Commissioner of Customs Major Richard Reese is warning would-be car purchasers to be wary of shady middlemen who have been fleecing individuals of millions of dollars on the premise that they are importing the car of their choice from overseas at a cheaper cost.
The Customs boss said that the Jamaica Customs Agency had noticed a spike in this type of illicit activity.
"A number of individuals have been scammed in their attempt to purchase and import them (vehicles) into the island," Reese told The Gleaner.
"It is a major scam. In the worst-case scenario, the customer loses everything, or the vehicle is damaged and it is forfeited, or the middleman falsifies the invoice and the dealer is breached and has to pay a penalty, which can be up to three times the duty or value, whichever is higher," explained Reese.
The scam is operated by a con man who solicits a customer by offering a vehicle for sale that was found on the Internet.
After the customer views the vehicle online and pays a deposit, the con man either doesn't pay the supplier in full or doesn't pay for the repairs if the vehicle is damaged.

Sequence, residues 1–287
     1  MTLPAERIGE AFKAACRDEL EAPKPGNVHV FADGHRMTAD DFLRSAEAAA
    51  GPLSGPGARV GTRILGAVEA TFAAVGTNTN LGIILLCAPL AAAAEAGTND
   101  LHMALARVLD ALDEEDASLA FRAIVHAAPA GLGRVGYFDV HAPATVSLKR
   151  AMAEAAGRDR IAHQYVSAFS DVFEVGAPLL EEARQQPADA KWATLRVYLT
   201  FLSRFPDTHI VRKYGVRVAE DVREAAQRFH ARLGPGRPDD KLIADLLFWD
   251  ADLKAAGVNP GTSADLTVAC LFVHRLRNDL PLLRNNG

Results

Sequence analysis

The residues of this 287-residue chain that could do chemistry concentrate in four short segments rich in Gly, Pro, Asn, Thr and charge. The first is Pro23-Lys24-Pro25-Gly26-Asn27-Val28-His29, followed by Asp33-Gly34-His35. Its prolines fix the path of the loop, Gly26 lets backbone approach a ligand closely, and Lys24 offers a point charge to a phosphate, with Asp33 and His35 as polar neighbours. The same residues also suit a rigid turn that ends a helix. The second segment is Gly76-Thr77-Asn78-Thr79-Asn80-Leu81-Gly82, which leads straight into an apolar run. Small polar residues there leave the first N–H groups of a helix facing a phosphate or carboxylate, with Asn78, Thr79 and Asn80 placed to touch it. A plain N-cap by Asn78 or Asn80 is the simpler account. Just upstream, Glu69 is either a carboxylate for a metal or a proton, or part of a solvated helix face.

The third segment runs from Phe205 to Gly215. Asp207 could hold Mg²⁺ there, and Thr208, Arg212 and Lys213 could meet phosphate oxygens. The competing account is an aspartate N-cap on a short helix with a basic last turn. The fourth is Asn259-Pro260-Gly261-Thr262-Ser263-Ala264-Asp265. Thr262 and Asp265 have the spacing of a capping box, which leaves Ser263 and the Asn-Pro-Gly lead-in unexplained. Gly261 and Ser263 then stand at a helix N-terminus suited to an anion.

The con man also approaches a used-car dealer to facilitate the clearing of the vehicle when it reaches the wharf.
"If the supplier is not paid in full, the supplier doesn't provide the requisite documents and the vehicles are left on the wharf and Customs has to auction them," said Reese.
He explained that after the vehicle is auctioned, duties, taxes, and fees outstanding to the Government are deducted first, then Customs charges and freight are subtracted and the rest goes to the importer or used-car dealer facilitating the importation.
"At no time does the customer have any standing with Customs ... they are actually powerless," he explained.
Reese, who was appointed commissioner of Customs in May 2012, revealed that the Customs agency has uncovered 15 such cases since he became Customs boss.
He also reminded Jamaicans that the Customs agency does not allow the importation of damaged vehicles.